Date of Award

2018

Document Type

Open Access Dissertation

Department

Chemistry and Biochemistry

Sub-Department

College of Arts and Sciences

First Advisor

Thomas Makris

Abstract

Intense interest has focused on the development of enzymes as next-generation catalysts for the production of molecules with biotechnological potential. OleTJE, a member of the cytochrome P450 CYP152 family is an excellent candidate for the generation of advanced biofuels. OleTJE catalyzes the hydrogen peroxide-dependent decarboxylation of Cn fatty acids to produce Cn-1 terminal alkenes. Despite the ability of this enzyme to yield long chain alkenes with nearly exclusive chemoselectivity, its reactivity towards shorter chain length substrates results in undesired levels of hydroxylated side-products, limiting its industrial potential. Previous transient kinetic studies have demonstrated that, despite its unusual chemistry, the reaction is initiated by canonical substrate hydrogen-atom abstraction by an iron(IV)-oxo intermediate (compound I) followed by the formation of a hyperstable iron(IV)-hydroxide species (compound II). The origin of chemoselectivity in OleTJE, and CYP152s in general, has been probed by a coordinated study of several CYP152 family members, including OleTJE, P450-BSβ, CYP-MP, and the newly characterized OleTSA. Spectroscopically labeled substrates, in concert with UV-Vis spectroscopy, EPR spectroscopy and transient kinetic studies show that substrate constriction is necessary for alkene production, but compromises the rate of product egress. Moreover, alteration of the environment surrounding the axial thiolate ligand in OleTSA via mutagenesis has allowed the establishment of a platform to extend research towards the electronic characterization of the catalytically relevant intermediates, compound I and compound II.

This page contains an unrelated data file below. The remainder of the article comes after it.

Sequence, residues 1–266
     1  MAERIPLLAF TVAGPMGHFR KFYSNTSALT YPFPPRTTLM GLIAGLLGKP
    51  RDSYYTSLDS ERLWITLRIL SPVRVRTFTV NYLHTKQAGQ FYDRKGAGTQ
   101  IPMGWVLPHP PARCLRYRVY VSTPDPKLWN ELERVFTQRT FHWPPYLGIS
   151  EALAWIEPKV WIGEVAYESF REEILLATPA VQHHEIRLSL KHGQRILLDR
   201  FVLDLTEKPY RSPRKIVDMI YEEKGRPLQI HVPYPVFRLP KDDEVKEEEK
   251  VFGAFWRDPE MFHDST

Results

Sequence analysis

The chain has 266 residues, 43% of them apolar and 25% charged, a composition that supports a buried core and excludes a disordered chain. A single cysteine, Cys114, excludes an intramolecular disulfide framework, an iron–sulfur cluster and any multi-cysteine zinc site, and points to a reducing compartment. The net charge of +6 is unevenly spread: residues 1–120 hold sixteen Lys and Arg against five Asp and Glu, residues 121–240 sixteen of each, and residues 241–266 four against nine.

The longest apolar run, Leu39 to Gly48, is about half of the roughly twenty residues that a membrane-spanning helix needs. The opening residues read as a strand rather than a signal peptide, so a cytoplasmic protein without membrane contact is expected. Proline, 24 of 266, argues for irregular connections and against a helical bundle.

Included in

Chemistry Commons

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